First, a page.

1. Get Your Story Map Noticed
You’ve worked hard to make a great Esri Story Map app. But now you want to make it easy for people, including Esri’s Story Map team, to find your work online.
Have an idea for a cool app that showcases data visualization using the ArcGIS platform? Develop the app and enter it in the Esri Data Viz App Challenge, which was announced at the 2015 Esri Developer Summit.
The judges will be looking for visually stunning, interactive, and meaningful mapping applications that showcase the data visualization power of ArcGIS and tell a story. The top prize is $10,000 or the software equivalent. The competition closes at 5:00 p.m. (PDT) April 27, 2015.
Get all the details at esri.com.appchallenge.
Geosolutions are desperately needed to solve the world’s big problems, Esri president Jack Dangermond told 1,800 people at the 2015 Esri Developer Summit (DevSummit). Esri and the developer community can work cooperatively to build technology to tackle these issues, he said.
More creative developers are needed to forge solutions, Dangermond said, encouraging the audience to nurture new talent by being a mentor. “The interest we have is growing the next generation—we need more of you,” he said, opening the largest annual Esri developer event, which was held March 10-13 in Palm Springs, California.
Content, 3D, Story Maps, and Other Trends Offer New Opportunities to Re-imagine What’s Possible with GIS
The web has had an enormous impact on how we obtain information, connect with others, and work every day. Clearly GIS has also been transformed by the web—it’s enabling easier access, better workflows, and supporting diverse applications and new types of data, all leveraging flexible service-based architectures.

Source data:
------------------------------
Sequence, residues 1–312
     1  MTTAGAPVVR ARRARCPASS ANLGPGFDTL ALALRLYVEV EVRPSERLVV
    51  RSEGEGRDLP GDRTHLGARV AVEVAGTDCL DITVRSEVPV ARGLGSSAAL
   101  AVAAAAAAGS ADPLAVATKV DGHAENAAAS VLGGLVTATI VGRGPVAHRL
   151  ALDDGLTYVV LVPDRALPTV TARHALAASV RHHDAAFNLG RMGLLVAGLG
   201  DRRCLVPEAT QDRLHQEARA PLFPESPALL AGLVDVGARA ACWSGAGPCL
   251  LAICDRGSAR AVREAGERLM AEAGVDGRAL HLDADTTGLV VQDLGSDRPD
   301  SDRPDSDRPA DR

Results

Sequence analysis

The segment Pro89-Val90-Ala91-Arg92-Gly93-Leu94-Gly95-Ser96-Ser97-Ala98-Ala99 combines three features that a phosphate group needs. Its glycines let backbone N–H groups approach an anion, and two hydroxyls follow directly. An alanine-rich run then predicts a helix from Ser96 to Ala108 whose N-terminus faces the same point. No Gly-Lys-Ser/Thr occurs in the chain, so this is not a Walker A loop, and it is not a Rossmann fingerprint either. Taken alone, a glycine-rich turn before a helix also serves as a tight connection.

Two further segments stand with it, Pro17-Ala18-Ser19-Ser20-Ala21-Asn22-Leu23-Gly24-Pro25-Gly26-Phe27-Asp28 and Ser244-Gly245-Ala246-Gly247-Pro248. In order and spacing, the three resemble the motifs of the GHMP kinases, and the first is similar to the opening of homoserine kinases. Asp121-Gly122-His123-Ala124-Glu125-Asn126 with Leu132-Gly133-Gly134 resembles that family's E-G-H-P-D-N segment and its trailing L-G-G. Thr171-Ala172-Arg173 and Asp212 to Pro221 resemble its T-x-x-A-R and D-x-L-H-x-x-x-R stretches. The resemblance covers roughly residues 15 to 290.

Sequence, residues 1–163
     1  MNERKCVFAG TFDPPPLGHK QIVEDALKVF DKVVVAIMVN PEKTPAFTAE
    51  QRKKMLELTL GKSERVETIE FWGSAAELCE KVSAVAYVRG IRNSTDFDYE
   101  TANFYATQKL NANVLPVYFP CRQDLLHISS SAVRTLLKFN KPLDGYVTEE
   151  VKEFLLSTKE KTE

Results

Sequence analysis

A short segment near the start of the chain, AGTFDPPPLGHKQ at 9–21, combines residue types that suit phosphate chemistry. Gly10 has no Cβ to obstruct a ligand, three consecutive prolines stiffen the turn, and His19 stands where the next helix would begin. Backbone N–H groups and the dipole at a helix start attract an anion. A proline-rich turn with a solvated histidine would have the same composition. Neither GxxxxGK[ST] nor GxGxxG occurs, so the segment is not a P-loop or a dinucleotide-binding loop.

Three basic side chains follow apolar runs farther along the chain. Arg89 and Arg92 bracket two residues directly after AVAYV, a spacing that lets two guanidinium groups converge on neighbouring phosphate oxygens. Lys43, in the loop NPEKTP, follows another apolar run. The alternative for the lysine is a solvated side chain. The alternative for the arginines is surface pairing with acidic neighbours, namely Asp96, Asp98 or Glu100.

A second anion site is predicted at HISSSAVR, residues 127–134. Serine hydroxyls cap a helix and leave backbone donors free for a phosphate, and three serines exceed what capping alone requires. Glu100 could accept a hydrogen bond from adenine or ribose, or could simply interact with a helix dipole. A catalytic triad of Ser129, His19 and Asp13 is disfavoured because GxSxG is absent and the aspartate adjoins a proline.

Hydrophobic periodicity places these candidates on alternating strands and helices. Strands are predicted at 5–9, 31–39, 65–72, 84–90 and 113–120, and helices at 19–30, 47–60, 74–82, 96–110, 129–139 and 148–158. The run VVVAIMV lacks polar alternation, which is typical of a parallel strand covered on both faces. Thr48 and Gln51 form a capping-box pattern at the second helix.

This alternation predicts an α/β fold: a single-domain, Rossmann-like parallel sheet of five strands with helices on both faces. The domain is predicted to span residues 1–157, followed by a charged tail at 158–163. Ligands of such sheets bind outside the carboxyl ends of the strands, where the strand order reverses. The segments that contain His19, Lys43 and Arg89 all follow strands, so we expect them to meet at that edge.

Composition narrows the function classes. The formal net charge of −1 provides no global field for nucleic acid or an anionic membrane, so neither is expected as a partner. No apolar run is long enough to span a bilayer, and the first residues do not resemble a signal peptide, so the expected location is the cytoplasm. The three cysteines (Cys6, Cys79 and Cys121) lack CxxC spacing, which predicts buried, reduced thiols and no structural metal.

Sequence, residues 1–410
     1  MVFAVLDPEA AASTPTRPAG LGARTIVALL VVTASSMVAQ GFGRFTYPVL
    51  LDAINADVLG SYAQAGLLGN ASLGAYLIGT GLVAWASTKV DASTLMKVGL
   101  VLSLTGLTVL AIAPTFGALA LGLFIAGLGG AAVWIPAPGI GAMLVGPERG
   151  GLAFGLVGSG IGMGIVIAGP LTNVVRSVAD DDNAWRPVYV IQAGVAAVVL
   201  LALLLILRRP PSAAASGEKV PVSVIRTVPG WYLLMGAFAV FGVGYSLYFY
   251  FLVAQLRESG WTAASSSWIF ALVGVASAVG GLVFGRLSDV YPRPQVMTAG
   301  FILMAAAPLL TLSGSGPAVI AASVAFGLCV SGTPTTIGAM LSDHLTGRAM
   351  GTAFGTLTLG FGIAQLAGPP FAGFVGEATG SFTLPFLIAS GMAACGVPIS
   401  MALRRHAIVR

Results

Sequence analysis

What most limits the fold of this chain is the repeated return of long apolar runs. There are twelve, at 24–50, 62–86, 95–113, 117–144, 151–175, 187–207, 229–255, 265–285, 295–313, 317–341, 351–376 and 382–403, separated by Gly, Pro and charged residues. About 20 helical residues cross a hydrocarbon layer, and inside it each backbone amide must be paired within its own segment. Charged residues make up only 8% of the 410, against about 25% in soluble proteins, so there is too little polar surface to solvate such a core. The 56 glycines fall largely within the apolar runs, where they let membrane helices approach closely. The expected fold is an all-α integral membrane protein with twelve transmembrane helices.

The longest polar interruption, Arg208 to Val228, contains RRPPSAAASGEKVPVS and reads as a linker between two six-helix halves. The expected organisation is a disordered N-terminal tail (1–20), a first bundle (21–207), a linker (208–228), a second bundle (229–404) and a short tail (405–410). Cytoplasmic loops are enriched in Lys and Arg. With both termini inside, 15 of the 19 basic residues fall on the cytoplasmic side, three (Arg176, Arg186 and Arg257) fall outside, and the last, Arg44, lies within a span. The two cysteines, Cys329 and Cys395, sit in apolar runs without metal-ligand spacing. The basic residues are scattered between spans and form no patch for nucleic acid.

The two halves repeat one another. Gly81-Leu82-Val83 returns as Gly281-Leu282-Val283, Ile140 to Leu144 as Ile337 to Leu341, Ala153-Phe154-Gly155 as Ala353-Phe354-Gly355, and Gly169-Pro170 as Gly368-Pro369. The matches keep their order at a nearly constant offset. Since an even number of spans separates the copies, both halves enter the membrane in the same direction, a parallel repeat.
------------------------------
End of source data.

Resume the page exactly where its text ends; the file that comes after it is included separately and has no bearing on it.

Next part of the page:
The web has also increased the value of GIS and the work we do as GIS professionals by making GIS pervasive and driving its importance to become an integral part of the decision making process. But the web has also added new challenges, creating not only demand, but also setting expectations and nudging us forward to consider what we do in new ways.
So what’s happening right now in web GIS? Here’s a few topics that are currently trending.
Esri is now curating an enormous and rapidly growing library of ready-to-use maps, imagery, and geo-referenced data for the entire world. This online collection of authoritative content, together with the new Web GIS pattern, is having a huge impact on the way people use GIS.
GIS has a long history of successfully adapting to new technologies, applications, customer types, and business models. From mainframes to minicomputers, UNIX workstations to PCs, desktops to the enterprise to the cloud, each round of technical innovation has led to countless advantages for users of the technology. Every one of these changes has extended the reach of GIS by making it more accessible and usable by more people and for more applications.
Today, Web GIS together with massive online content is creating a major transformation in the use and access of GIS with simpler tools and information architecture. Some of the major initiatives that are enabling this transformation include: Continue reading
Adoption of ArcGIS Open Data has big implications well beyond the Esri user community.
According to Esri’s 2014 Open Data year in review, more than 750 organizations around the world have joined ArcGIS Open Data, publishing 391 public sites, resulting in 15,848 open data sets shared. These organizations include more than 100 cities, 43 countries, and 35 US states. At the beginning of 2015, the organizations represented included 390 from North America, 157 from Europe, 121 from Africa, 39 from Asia, and 22 from Oceania. More than 42,000 shapefiles, KML files, and CSV files were downloaded from these sites since July 2014. Recently, we wrote about one of these sites, the Maryland Open Data Portal. Another is the set of layers from the city of Launceton, in Tasmania, Australia. Continue reading